Tuesday, September 1, 2009



In discussions/debates, others often point out my ignorance (what I do not know)

ONLY if my point is based on my assertion of a particular knowledge, in which I am ignorant of, could my ignorance be a relative point.

Recently in a discussion about Egyptology, one pointed out my ignorance of hieroglyphics.


"If I couldn't read hieroglyphs, I certainly would *not* venture to have any opinions as to just what a tomb scene was or was not all about."


Up front, I always admit, I am totally ignorant about translations of hieroglyphs. Now the question, does this ignorance have any bearing on the many other assertions I make about Egyptology.


I am totally ignorant about French, Russian, Hieroglyphs or Spanish, but I could say:

The French had a revolution in which heads rolled.

A Russian big shot family was murdered.

A guy sailed from Spain to the Americas ...

I could go into some detail, but the point is, I and millions of other people do have extensive information about events that were recorded in a language they are ignorant of because some one who knew how to translate, rendered the information into our own language.

Every thing I write is based on the translations of those who call themselves archeologist/Egyptologist.

If these 'experts' have accurately translated this information, then it would be as silly for me to learn to read German, in order to read a book that has already been translated into English.

The validity of what I write is based on the validity of the translation of the 'experts' who rendered it into English.

It is those "Egyptologist/experts" information that I examine, by their own words/publications.


When those who communicate in a foreign language are alive and willing to teach their language, learning to translate takes a while.

When those who communicated in another language attempt to hide their meanings or if they are long dead, then learning to translate is a matter of code breaking.

Code breaking consists of (a) finding patterns, (b) finding the same word in different context or if luck prevails (c) finding text of the unknown language with text of a known language (i.e. the Rosette Stone)


What is the value of some one who had great translation abilities, but what they wrote was based on what some other person wrote on the topic.

IF / WHEN their translation abilities have not been applied to their research/publications, then they have no more merit than any of millions of people who sit in front of a computer to copy and paste information they read off of some one else's web sites.

Of course we all have our own interest. Unless that 'expert' shares our interest they will know only parts of the things we discuss.

Unless they have been to all hieroglyphs, and photographed them all, then their translation abilities have no more knowledge of what Egyptians wrote than you do.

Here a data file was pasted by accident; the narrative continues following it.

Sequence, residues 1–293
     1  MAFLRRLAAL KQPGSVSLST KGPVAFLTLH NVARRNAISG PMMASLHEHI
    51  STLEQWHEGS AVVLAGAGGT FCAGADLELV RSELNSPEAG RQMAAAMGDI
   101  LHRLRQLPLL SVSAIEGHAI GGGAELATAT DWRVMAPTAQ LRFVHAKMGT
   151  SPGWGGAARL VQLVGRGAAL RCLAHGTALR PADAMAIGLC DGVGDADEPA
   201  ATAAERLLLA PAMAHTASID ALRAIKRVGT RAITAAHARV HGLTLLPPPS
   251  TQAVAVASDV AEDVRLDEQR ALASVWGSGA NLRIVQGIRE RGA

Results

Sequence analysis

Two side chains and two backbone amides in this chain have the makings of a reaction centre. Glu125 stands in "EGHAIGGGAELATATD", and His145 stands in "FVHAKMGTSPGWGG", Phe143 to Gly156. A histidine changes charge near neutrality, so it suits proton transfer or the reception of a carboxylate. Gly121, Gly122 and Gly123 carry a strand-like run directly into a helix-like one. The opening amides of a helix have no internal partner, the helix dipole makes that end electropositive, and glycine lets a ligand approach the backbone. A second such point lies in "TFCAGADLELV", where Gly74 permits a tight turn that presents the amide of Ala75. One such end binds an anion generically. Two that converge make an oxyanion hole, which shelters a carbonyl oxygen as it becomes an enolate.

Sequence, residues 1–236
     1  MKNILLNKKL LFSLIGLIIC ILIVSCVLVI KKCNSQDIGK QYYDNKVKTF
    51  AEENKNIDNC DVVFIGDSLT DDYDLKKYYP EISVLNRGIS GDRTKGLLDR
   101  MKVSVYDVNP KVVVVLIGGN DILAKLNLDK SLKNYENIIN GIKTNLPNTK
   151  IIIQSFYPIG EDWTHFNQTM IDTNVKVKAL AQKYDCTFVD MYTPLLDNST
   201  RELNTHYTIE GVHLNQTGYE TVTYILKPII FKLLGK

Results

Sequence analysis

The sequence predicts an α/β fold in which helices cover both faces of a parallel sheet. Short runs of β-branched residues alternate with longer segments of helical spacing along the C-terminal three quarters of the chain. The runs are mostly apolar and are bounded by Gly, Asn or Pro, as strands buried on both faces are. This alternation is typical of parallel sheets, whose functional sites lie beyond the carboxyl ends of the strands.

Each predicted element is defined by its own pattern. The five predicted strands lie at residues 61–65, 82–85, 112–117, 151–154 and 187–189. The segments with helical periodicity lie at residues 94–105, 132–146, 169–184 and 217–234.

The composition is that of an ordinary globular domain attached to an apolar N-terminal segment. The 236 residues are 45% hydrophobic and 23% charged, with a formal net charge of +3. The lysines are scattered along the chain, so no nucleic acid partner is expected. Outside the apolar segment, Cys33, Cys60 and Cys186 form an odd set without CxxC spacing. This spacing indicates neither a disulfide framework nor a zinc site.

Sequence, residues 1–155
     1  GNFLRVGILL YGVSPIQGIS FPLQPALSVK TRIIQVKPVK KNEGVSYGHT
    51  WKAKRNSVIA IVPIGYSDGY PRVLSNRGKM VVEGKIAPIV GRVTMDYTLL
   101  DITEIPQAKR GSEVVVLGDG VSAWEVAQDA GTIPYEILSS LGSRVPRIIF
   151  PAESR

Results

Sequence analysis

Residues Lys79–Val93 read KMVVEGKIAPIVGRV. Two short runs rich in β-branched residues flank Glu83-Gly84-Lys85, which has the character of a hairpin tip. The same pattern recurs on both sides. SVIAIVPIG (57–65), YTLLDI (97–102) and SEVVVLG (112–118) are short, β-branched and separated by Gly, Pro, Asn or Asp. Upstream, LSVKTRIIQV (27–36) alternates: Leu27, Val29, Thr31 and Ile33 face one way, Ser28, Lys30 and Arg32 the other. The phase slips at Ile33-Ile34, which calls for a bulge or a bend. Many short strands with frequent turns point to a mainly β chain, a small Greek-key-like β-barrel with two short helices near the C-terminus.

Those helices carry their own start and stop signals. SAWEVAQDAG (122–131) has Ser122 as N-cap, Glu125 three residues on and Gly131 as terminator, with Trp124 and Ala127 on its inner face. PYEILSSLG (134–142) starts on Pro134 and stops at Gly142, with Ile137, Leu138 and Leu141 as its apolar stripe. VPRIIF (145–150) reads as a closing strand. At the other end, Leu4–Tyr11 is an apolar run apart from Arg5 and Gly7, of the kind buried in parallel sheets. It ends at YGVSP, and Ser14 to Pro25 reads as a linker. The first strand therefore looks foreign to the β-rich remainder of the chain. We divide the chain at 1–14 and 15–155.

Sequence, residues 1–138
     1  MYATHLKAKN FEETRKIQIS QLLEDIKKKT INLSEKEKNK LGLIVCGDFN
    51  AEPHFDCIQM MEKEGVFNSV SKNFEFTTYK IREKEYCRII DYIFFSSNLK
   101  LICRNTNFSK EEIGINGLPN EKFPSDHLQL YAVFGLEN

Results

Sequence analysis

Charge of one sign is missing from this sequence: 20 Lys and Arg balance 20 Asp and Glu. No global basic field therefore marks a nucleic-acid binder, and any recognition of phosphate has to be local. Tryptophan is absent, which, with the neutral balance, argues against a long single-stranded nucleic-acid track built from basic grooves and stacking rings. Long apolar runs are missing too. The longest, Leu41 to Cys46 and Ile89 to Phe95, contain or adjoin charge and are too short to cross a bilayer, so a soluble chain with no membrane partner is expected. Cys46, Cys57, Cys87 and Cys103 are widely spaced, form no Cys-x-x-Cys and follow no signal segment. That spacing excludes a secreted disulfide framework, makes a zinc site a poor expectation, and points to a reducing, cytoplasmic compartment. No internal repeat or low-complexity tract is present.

When they get their information from some web site or book, when they have not seen the actual hieroglyph, they are nothing more than any one else who puppets what they have read.


My topic being the study of "Hyksos", I make the point there are about a dozen hieroglyphic sources used.

The points I make are such as:

The 'experts' say the word Asiatic is used in these multiple sources, but when I ask them to show me the set of glyphs that form the meaning Asiatic, then ask them if the same set of glyphs are used in all references, they do not reply.

Semitic, Asiatic, Hebrew ... depending who I am communicating with, these kind of words keep on popping up .. "The Egyptians called them A, B, C"

When I ask them to

* Identify the source (papyrus, pylon, wall painting, obelisk)

* Show the line and the number of glyphs from the right the word is found over, I can see exactly what the word looks like in hieroglyphs.

When I am told the Egyptians identified them as Asiatic in different sources, I find what the word looks like, then my question is: where is this word Asiatic in all these different sources?

What I am ignorant, does not establish their own knowledge. If they can read hieroglyphs and the word Asiatic is found in multiple sources, then these experts can show us that word.


Do I assert the Egyptians never had any conflicts with any foreigners? NO

My ignorance is a bottomless pit. Pointing out what I do not know does not establish your own knowledge.

My quest is this:

* If you can point to physical artifacts found that were left in Egypt by foreigners and NOT Egyptians, provide your science that establishes that claim.

* If the Egyptians identified those from the 12th to the 18th dynasty as a population that came from the same place, expert translators, show us the source and the line this information is written on.

* If the Egyptians wrote that foreigners ruled any part of Egypt, expert translators, show us the source and the line this information is written on.

* If the Egyptians identified any of the enemy they fought against as kings, expert translators, show us the source and the line this information is written on.


I have separated my blog into individual post because I use so many pictures. Any one who will challenge/add to what I have written can start here


And at the bottom of each page, click on newer post, to continue to the next post.


While I have no ability to read hieroglyphs, I know how translation works which I will discuss in the next post.

The bible has nothing to do with Egyptology, but because the intensive interest in the bible by millions of people for centuries, a translation method has been established so any novice can glean the knowledge of the experts.

In the past, only the priest had the text which was written in a language only they understood. It was unlawful to create a bible in a language of the commoners... after all if the commoners could read it for themselves, the top dogs importance would be decreased.